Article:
Two Laborers Die from Hydrogen Sulfide Exposure in a Confined Space at an Organic Waste Recycling Facility
California Case Report: 11CA008
The following report is the product of our Cooperative State partner and is presented here in its original unedited form from the state. The findings and conclusions in this report are those of the individual Cooperative State partner and do not necessarily reflect the views or policy of the National Institute for Occupational Safety and Health.
Two laborers, 16 and 22-year-old brothers, died while cleaning the drainage system of an organic waste recycling facility. Both were exposed to excessive levels of hydrogen sulfide. The brothers were part of a three-man crew that was flushing out the drainage system consisting of 24-inch diameter underground pipes accessed by approximately 14 manhole shafts. While using a high-pressure water hose to flush residual compost, the 16-year-old was overcome by hydrogen sulfide and fell to the bottom of a 10-foot shaft. The 22-year-old collapsed at the bottom of the shaft after attempting to rescue his brother. Contributing factors identified in this investigation were the high concentration of hydrogen sulfide in the shaft, failure to implement a confined space and hazard communication program, and the age of the youngest victim.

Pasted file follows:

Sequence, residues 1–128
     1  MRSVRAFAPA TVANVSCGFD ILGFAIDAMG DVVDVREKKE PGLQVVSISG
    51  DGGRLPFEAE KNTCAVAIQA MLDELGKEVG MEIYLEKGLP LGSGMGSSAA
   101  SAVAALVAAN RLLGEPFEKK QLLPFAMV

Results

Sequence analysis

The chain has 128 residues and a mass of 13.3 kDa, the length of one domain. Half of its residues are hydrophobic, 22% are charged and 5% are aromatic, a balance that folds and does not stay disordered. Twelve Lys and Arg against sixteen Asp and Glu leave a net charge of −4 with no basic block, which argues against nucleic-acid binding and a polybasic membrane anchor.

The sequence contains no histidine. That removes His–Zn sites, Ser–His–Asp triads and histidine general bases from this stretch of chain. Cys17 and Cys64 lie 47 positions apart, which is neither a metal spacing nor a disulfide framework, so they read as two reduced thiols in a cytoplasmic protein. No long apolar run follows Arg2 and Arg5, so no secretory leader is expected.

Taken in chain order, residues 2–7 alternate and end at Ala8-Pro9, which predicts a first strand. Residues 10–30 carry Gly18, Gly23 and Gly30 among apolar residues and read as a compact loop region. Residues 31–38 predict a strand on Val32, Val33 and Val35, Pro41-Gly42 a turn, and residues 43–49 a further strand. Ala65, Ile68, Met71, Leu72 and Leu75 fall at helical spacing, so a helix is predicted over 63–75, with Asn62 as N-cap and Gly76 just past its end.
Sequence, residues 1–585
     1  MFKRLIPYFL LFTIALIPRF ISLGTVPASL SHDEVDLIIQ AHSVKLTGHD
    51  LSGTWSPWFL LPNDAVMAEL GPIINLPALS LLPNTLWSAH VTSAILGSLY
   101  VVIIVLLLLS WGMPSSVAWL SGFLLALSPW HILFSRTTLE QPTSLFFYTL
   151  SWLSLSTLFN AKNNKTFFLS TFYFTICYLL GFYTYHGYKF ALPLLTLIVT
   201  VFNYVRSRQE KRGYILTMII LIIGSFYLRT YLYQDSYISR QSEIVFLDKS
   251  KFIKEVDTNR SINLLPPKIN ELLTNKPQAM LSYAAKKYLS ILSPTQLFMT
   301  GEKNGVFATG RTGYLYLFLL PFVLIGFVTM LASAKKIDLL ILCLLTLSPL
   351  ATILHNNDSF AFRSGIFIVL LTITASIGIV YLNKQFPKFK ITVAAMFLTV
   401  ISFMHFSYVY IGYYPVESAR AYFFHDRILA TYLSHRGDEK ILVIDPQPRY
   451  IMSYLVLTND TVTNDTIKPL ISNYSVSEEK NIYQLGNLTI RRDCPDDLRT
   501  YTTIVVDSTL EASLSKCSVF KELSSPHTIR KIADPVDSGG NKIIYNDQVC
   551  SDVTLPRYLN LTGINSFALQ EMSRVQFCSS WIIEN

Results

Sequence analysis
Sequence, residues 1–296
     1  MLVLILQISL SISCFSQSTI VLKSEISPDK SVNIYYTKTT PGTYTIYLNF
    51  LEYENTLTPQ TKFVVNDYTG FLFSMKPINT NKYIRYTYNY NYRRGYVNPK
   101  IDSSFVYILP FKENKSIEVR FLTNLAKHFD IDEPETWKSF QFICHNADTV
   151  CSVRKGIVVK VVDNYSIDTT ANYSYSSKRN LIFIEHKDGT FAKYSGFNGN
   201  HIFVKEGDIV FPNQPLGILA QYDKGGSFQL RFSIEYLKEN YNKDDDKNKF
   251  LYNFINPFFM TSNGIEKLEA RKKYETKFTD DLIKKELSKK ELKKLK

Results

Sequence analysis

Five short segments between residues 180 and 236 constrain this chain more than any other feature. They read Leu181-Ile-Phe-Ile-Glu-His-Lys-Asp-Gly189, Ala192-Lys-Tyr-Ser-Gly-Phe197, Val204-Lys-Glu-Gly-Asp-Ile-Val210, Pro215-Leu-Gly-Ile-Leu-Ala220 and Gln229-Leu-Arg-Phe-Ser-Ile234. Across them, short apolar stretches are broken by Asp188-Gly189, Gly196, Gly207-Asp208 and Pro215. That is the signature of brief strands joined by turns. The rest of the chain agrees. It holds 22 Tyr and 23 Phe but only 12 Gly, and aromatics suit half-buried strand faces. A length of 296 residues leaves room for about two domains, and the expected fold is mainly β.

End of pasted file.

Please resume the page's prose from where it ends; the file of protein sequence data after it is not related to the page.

- Page last reviewed: November 18, 2015
- Page last updated: October 15, 2014
- Content source:
- National Institute for Occupational Safety and Health Division of Safety Research